Thereafter I transferred the drawing to my watercolour paper and began working in between the spikes to give the drawing some form. I also picked out the edges of the long spines on their shade side. It's rather like drawing the 'negative space' and involves working from the furthest back part to the front where the tips of the spikes are.
Most of the foundation work was completed with a 2H pencil and the whole drawing used the grades between 2H and 3B ( inclusive)


Working between the spines, up close
Building up tone, using increasingly softer grades of pencils 

Below is a video showing some of the process of building up tone on the thistle ( x32 speed).

 It's well worth revisiting graphite if I feel the need to get back to basics but always try to produce some sort of monochrome study for all works, whether completed in graphite or as quick sketches in black ink or with neutral tint watercolour. Monochrome gives me a better grasp of the values and also allows me to see where I might alter the composition. I also study the subject in black and white photographs for reference detail and the images can be blown up on screen, which is a real bonus for detail.

 Below is an example of how graphite was used for an original study of the subject for the final painting of a painting of Primula vulgaris on vellum. You can see the addition of one flower on the upper right of the painted version and the roots. Both were added because I felt that the graphite study composition was slightly empty looking and lacking in interest - hence the additions. Once the 'ground work' was completed in graphite the painting was much easier to complete.  Also I prefer dissections in graphite because they don't distract from the main focal point. In this case I decided not to include them in the final colour work but learned a lot on the way! I used the dissections as reference for another painting completed at a later date.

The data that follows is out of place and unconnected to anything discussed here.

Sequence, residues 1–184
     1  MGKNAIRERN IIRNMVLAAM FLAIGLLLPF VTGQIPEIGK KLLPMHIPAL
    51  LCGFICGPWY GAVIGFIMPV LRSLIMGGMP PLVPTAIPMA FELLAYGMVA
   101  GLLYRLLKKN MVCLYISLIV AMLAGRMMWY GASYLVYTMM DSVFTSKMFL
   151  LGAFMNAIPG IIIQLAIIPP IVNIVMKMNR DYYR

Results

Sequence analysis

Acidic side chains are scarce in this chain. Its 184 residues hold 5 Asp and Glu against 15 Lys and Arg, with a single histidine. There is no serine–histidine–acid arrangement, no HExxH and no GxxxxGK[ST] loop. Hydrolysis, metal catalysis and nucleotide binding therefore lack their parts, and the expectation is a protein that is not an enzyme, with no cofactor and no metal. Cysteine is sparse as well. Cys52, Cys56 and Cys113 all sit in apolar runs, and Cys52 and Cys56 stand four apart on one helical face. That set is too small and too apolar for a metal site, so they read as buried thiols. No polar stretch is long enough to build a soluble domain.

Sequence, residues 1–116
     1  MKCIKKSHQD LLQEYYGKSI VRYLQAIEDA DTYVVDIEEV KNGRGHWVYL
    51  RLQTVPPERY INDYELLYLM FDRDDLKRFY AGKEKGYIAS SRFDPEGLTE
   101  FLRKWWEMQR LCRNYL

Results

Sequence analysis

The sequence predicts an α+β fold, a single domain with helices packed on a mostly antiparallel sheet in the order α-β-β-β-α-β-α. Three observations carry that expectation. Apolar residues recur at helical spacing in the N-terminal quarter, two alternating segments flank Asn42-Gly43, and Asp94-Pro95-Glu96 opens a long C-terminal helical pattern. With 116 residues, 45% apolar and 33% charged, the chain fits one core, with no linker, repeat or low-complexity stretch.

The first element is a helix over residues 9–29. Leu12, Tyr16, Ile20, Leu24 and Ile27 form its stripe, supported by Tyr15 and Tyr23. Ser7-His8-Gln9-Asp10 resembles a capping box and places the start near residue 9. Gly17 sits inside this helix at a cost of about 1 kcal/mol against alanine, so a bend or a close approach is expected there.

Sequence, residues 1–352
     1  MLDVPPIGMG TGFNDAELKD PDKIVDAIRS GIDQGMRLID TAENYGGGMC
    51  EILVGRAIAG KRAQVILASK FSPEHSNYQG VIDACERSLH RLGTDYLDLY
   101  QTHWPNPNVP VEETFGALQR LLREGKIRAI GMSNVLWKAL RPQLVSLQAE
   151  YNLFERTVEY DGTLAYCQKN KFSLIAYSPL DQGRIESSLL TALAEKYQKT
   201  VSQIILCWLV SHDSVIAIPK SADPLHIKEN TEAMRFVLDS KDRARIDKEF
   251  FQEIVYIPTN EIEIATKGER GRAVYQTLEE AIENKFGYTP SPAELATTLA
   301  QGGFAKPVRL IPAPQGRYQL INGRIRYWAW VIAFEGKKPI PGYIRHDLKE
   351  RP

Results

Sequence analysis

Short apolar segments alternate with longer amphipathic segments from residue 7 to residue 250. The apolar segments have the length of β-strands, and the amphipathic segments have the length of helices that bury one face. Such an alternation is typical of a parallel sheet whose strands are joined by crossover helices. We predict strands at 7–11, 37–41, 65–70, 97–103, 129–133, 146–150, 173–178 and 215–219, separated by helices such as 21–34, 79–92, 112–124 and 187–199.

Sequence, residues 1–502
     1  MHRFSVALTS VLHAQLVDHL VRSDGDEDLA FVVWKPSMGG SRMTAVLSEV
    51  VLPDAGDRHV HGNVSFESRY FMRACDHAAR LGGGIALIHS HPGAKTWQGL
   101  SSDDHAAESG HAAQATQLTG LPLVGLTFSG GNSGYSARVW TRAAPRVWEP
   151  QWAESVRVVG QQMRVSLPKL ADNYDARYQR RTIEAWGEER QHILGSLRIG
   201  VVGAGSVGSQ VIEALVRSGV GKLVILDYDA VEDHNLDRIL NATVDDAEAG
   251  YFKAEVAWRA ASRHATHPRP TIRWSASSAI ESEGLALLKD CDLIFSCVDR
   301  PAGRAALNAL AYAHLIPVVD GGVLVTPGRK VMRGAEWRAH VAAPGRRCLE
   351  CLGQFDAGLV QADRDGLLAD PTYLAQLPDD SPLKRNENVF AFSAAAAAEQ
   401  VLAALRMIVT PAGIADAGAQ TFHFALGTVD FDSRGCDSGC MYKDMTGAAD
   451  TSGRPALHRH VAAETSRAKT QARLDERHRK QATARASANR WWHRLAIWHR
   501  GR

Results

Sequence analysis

Using graphite to understand tonal values and to 'tweak' the composition. Left: original graphite study, centre Watercolour on vellum with additional flower and roots, right: dissections of the pin and thrum eyed flowers from separate plants.   
 I've been teaching graphite for a couple of years now and strongly believe that it provides the building blocks for colour work but of course it also stands as a medium in its own right. I spent some time overhauling and rewriting the materials over the recent months when I couldn't paint, and try to teach from the very basics; measuring, proportion, perspective, negative space and tonal techniques, as well as incorporating some non-graphite monochrome techniques, which I hope helps students to really see those elusive values ( so using photography and tonal painting too) Students work their way up to a study page and finally a full tonal drawing. I'm also currently introducing a new sections on dissection drawing because it takes us into the heart of the plant and its purpose....reproduction and survival. So yes,  a bit of biology in there too so that I don't lose touch. 

Fortunately life is now settling down again and I'm hoping to complete some of the projects that I'd listed in my new year blog at the start of the year.... but I know I can always rely on graphite to keep me focused when all around is chaotic.


  1. A wonderful post Dianne. You are always so generous in sharing your thoughts and techniques. Beautiful drawing!!!! Hope all is 'smooth sailing' from now :)

  2. Another great and generous post. Many of us have 'been there - done that" - promise it will get easier!
    Loving your course. best wishes

  3. A really informative and beautifully presented post Dianne - I do love your graphite work. I loved the video too. I hope that you are getting more settled now after all this upheaval in your personal life and look forward to seeing more of your work. Wishing you the best in your new house.

  4. Thank you,very much for all of yours words and drawing!

  5. Another totally inspiring post Dianne. I really love your tonal drawings and the video was great. Glad to hear things are getting settled. Best wishes.

  6. Reading your blog whilst struggling with Assignment 5 (late again) of the SBA distance course is inspirational.. thank you!